Trying to pick up where “La Strada” left off, “Lost Horizon” is seriously in need of a focused script to tie its handful of grubby social outcasts together. Wandering from one cheesy circus to another in the Argentine outbacks, the magician Tulan and his women have some curiosity value as characters, but tyro director Luis Sampieri fails to inject meaning or interest into their suffering and dashed hopes. Beyond local biz, pic would seem to have distant horizons, indeed.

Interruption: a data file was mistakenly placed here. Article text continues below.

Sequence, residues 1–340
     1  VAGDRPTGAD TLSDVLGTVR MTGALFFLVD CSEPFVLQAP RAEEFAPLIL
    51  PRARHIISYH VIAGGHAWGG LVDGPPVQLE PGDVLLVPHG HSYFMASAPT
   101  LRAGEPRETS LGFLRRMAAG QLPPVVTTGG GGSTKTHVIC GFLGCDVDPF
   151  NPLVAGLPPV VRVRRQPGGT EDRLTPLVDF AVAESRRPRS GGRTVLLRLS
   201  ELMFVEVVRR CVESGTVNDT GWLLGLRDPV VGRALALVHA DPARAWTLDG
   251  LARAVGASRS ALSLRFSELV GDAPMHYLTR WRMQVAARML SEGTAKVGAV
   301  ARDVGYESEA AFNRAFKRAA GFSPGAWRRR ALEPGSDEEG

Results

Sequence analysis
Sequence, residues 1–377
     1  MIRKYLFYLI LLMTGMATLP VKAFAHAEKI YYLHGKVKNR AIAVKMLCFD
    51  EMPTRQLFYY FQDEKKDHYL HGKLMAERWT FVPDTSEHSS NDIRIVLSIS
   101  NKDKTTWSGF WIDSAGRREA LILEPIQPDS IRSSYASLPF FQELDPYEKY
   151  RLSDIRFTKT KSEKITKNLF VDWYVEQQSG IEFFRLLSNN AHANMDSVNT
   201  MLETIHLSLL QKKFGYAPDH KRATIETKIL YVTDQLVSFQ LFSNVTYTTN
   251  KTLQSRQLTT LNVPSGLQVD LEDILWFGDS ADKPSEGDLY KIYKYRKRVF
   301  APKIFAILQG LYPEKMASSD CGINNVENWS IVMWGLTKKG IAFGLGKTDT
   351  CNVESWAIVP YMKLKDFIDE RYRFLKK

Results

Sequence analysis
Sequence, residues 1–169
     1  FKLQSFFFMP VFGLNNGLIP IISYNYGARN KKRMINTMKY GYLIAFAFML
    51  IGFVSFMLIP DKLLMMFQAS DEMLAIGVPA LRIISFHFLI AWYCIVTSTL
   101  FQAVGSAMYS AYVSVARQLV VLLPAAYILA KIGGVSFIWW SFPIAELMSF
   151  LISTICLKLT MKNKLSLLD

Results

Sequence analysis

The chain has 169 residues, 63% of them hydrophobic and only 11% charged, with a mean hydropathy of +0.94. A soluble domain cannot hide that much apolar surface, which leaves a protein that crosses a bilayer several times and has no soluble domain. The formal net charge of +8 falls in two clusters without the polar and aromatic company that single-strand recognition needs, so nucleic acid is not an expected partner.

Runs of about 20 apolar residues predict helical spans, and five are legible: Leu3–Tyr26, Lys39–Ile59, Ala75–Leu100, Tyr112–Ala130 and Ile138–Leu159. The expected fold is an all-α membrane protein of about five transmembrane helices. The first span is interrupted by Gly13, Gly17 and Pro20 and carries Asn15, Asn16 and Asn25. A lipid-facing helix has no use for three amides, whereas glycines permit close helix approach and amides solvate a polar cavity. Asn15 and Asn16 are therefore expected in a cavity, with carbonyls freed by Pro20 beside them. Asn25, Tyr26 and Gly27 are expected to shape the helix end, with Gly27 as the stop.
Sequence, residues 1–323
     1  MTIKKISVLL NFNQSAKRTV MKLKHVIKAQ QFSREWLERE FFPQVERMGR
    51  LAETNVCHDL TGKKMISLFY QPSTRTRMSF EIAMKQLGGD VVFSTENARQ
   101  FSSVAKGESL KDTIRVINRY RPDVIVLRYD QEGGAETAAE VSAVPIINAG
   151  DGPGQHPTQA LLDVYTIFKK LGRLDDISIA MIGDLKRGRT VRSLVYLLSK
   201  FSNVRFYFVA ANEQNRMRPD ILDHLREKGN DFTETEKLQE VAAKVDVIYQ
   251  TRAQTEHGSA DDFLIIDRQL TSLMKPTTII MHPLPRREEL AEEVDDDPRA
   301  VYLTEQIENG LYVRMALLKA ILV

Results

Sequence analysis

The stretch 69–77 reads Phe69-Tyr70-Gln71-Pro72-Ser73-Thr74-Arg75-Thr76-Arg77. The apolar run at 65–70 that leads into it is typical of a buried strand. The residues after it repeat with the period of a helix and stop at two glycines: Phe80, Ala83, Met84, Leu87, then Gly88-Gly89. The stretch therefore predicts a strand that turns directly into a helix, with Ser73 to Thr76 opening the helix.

With his dyed red hair and tacky sword-swallowing and chain-busting acts, Spanish thesp Eusebio Poncela struts his waning masculinity as the great international artist Tulan. When his long-neglected wife commits suicide, he barely turns a hair. Like Fellini’s strongman Zampano mourning the gentle Gelsomina, he will learn how much he loved her only when it’s too late. Before that crisis, he turns his charms on an ingenue and the worldly-wise Jenifer (the fine Micky Ruffa), a likable, down-to-earth transvestite headed for a sex-change operation. Tech work is painfully no-budget. Most of the atmosphere comes from views of an immense, unpopulated desert plain that isolates the characters in a no man’s land.